Reply
      • I wonder how easy it would be to park your money on an American index fund. Might incur a funny tax situation tho…

        Reply
        • Bridget Casey (Author)

          You can purchase American index funds. They’re offered by plenty of Canadian ETF providers.

          Alternatively you can purchase American stocks/funds directly. Dividends are subject to a 30% withholding tax, but you can get this refunded at tax time.

          (Wouldn’t recommend buying US holdings with the Canadian dollar so weak though. Good time for Americans to buy Canadian, however)

          Reply
        • Frugalman

          I can’t think of why you’d want to, though. If you’re looking for USD currency exposure, then you’re better off buying a CAD ETF that holds US stocks like VUN. If you own VUN and the Canadian dollar falls, your return in CAD will be higher.

          You also have currency conversion costs assuming you want your cash in CAD. And if you’re a taxable investor, tracking your adjusted cost base is a nightmare.

          Reply
      • Amir

        But index funds don’t equal mutual funds. Vanguard offers the low cost index fun etfs. Same price as its US offerings. Mutual funds = actively managed while indexing is passive.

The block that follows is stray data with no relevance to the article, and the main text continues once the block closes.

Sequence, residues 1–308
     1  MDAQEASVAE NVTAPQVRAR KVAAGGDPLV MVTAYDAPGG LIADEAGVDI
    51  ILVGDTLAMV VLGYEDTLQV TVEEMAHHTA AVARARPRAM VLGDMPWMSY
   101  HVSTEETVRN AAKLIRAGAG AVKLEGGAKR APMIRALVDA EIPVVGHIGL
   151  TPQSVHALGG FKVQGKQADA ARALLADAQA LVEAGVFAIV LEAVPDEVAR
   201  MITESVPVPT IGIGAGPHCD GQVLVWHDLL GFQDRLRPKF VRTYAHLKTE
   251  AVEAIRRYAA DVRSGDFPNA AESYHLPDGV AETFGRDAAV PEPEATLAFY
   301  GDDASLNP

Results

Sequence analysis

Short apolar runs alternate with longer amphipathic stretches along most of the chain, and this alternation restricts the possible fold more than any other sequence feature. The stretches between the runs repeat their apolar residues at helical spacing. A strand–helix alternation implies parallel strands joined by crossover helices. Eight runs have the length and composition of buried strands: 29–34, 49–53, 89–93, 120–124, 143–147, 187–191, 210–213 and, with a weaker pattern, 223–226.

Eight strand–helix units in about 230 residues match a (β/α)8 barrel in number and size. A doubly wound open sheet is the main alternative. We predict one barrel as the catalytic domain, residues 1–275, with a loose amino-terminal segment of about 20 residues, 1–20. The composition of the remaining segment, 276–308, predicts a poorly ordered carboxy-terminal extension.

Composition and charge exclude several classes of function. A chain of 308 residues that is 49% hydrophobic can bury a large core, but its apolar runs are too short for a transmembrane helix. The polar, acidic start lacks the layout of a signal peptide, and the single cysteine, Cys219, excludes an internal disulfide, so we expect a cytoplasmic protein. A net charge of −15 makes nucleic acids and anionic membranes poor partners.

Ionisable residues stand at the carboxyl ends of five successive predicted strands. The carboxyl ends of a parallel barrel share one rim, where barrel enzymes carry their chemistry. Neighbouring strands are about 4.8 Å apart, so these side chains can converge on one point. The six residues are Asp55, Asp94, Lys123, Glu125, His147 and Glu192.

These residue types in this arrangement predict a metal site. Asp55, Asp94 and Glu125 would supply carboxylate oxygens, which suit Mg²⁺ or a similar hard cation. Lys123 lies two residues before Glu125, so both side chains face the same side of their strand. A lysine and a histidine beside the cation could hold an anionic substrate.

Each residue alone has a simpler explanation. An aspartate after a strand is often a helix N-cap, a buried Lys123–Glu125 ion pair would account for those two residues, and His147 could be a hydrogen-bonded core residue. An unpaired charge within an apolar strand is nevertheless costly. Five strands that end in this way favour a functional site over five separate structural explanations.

Reply
  2. I really want to do the self-managed portfolio thing, so I need to take your course like ASAP. I feel like I’ve said this to myself 2000 times.

    Thanks for all of the tips. I have already employed two out of three so that’s a good start, right?!

    Reply
  3. Awesome starting guide. I love and use Robinhood for stock investing after leaving Ameritrade. Have you tried it out?

    Reply
  4. Sky Five Properties

    Well done! I really enjoyed the article Bridget. The advice that you give about avoiding mutual funds with sales or trailing commissions, set-up fees, and redemption fees is especially good. These fees add up and along with poor taxation structure, can decimate returns. Keep on writing that amazing blog posts!

    Reply
  5. Great article. I typically don’t blog about this high level stuff (for instance, I just posted on metrics to assess the stock market), so I think that I will refer my beginner readers to this. Thanks!

    Reply